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Rare Diseases: Advocating For Your Child

Advocate for your child's rare diseases

How to be your child’s advocate in the doctor’s office: navigating the healthcare maze for children with rare diseases

By Lesley Holmes 

As a mother of two, including a daughter diagnosed with tuberous sclerosis complex (TSC)–a genetic disorder that causes tumors to form throughout the body's organs–I've witnessed the challenges of securing adequate care for children with rare diseases. Advocating for the health of our children, whether they have a rare disease or not, is crucial to impacting their development and health outcomes.

Until there are more pediatricians and physicians with the expertise to help kids with rare diseases, we, as parents, are responsible for ensuring they get the best medical care possible. From my experience, taking on this role can have significant, life-saving impacts. 


During a routine 20-week prenatal scan, my daughter was diagnosed with TSC based on the presence of several cardiac tumors. My husband and I faced a grim prognosis: her heart function was declining, and she was unlikely to survive birth. This situation highlighted the urgent need to advocate for ourselves and our child. Refusing to accept defeat, I embarked on extensive research and discovered a medical case report detailing the use of a specific medicine in a similar case. Urging our doctors to apply this treatment to our daughter, we received approval, and remarkably, within just ten days, her cardiac tumors had shrunk. This extraordinary outcome, resulting in the birth of our daughter at 37 weeks of pregnancy, reinforced our role as educators and advocates for our child's health, even in the face of rare disease challenges.

Receiving a diagnosis of any illness or disease in your child, especially a rare and commonly unknown one like TSC, is devastating. It brings a whirlwind of emotions, including shock, confusion, and grief, which take time to get over, especially as you're informing family and friends. It's fair to experience and process all of these emotions. Once you do, you are better able to learn about your child's prognosis and what you can do to best support them. 

Even after educating yourself on your child's diagnosis, navigating the healthcare system for a child with a rare disease can be daunting. Here are the strategies that empowered me and provided my daughter with the best path to a happy, healthy life.

  • Leverage Online Resources: The internet is a treasure trove of information. Use it to stay updated on medical advancements and bring this knowledge to your child's appointments.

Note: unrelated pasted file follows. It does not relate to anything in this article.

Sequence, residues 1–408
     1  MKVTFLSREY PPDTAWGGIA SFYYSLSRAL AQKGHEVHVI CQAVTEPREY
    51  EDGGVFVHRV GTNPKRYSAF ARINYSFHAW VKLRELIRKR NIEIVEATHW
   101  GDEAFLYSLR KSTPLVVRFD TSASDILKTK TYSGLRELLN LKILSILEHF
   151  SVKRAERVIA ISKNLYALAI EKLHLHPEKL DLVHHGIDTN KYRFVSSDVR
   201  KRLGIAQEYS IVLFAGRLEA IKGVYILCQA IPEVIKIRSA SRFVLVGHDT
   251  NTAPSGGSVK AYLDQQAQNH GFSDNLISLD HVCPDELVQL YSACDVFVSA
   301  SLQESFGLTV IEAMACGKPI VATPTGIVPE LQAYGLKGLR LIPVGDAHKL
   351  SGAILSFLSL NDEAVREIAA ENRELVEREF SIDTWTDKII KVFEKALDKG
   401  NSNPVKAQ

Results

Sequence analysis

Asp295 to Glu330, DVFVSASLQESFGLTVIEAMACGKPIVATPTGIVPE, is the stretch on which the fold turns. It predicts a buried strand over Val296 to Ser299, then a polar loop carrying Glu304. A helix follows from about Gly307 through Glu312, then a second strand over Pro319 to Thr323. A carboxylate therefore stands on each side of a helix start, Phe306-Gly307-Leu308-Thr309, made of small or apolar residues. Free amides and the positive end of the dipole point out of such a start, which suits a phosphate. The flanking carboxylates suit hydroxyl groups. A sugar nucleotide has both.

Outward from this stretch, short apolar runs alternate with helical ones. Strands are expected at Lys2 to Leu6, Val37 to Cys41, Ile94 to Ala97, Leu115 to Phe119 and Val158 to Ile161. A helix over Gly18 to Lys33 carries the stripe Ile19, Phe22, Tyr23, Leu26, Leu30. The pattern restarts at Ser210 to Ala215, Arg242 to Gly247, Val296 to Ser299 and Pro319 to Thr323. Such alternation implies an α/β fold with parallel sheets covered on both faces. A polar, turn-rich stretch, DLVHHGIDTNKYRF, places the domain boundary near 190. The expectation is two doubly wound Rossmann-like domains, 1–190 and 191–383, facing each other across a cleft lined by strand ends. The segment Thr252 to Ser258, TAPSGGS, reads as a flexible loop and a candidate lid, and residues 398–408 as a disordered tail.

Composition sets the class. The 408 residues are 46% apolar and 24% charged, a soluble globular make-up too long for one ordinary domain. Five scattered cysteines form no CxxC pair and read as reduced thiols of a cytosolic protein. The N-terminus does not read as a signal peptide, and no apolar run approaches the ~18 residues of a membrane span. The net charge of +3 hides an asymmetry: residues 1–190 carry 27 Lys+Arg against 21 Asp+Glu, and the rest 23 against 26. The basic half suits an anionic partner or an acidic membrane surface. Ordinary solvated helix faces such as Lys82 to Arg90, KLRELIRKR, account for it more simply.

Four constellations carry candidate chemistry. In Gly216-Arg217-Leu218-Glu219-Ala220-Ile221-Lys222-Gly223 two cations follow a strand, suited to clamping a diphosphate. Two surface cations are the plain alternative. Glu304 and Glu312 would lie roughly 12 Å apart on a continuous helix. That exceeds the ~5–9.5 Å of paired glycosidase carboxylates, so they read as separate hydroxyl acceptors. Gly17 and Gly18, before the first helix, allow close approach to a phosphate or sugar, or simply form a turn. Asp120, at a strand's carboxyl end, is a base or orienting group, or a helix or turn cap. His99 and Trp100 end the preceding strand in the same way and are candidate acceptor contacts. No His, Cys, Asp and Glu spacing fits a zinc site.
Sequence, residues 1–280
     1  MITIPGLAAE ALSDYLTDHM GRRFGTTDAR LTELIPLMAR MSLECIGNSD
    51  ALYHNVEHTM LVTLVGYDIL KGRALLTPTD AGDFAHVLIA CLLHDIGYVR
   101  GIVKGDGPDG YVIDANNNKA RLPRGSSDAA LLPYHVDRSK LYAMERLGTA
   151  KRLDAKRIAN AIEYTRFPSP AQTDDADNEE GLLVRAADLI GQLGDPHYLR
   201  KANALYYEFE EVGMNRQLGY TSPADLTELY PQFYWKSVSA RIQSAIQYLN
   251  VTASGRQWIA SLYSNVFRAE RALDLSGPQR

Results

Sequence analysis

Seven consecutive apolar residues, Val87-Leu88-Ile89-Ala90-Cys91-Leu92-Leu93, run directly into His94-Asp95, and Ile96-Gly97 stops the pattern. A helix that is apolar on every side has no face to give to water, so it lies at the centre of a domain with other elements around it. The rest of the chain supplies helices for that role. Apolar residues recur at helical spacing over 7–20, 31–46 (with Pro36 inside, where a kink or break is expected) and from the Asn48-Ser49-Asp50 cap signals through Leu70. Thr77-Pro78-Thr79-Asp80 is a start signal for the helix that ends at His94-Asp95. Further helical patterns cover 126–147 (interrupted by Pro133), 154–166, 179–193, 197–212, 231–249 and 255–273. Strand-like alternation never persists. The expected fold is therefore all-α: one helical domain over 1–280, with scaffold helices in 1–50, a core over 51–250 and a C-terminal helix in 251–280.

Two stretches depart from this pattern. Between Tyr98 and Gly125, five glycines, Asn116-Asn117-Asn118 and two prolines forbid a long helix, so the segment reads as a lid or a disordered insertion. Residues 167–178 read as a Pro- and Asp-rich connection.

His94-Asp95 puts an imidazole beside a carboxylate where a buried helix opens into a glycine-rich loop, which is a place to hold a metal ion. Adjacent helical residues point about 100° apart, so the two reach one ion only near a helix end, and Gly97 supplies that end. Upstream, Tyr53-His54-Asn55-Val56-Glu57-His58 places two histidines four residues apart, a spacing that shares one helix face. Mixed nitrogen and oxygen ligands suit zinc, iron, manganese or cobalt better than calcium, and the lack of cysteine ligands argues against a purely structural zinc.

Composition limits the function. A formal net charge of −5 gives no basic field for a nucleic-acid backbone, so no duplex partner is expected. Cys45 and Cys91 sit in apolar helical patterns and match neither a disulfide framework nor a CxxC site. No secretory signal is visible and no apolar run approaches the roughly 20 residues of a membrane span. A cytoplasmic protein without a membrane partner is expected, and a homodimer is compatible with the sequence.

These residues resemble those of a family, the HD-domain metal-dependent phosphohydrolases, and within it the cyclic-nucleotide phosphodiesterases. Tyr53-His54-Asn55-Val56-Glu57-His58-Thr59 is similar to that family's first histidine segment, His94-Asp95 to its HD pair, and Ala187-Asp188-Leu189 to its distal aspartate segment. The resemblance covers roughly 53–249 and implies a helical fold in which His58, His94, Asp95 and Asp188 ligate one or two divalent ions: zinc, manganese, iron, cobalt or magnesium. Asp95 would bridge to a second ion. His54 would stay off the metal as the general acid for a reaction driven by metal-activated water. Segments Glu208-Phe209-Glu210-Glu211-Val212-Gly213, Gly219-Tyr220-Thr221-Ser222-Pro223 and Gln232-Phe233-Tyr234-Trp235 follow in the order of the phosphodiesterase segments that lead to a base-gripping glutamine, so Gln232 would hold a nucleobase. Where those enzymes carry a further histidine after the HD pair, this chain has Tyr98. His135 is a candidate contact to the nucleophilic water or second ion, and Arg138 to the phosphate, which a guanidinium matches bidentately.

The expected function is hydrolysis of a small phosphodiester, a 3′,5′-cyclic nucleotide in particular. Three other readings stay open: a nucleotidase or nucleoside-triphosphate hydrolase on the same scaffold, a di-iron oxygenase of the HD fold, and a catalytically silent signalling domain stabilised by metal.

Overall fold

• Form Partnerships with Healthcare Providers: View your relationship with your child's doctors as a partnership. You are an integral part of the team, bringing valuable insights and information about your child's health.

  • Communicate Effectively: Prepare for appointments with questions and concerns. Take notes during discussions and ask for clarifications when needed. Effective communication is critical to ensuring your child receives the best care.

  • Organize Your Child's Health Records: Keep a detailed record of your child's medical history, treatments, test results, and medications. This information is invaluable when consulting with new specialists or in emergencies.

  • Advocate for Access to Specialists: If your child's condition requires it, be prepared to travel to see specialists. Many rare diseases are so specific that local options may not be the best option. Investigate travel assistance programs and accommodations hospitals and nonprofits offer for families receiving out-of-state care.

Parenting is tough, even harder, when those closest to you don't really know, or have an idea, what you're going through. Finding a support community and engaging with advocacy groups can help provide immense support. Organizations like the TSC Alliance and the National Organization for Rare Diseases (NORD) offer resources, connections to specialists, and a community of families navigating similar challenges. These groups can be invaluable for support, education, and advocacy. Social media platforms like Facebook also host groups for parents and families dealing with specific rare diseases. These communities are not just a source of information but also provide emotional support and camaraderie.

My daughter's diagnosis and the journey that followed taught me that advocacy is not just about fighting; it's about loving fiercely, educating oneself, and never accepting "no" when it comes to the well-being of our children. It's about partnering with healthcare providers and finding strength in a community of fellow advocates.

To new or expecting parents facing the daunting prospect of a rare disease diagnosis, you are not alone. Educate yourself, advocate tirelessly, and seek the support you need to carry you through. Together, we can ensure our children receive the care they deserve to live their fullest, healthiest lives.


Lesley Holmes is a practicing attorney and mother of two, one of whom was diagnosed with tuberous sclerosis complex (TSC), a rare disease. She serves on the TSC Alliance Board of Directors, fiercely advocating for those living with TSC and their loved ones. She resides in LA with her husband and children.

Photo by Yan Krukau

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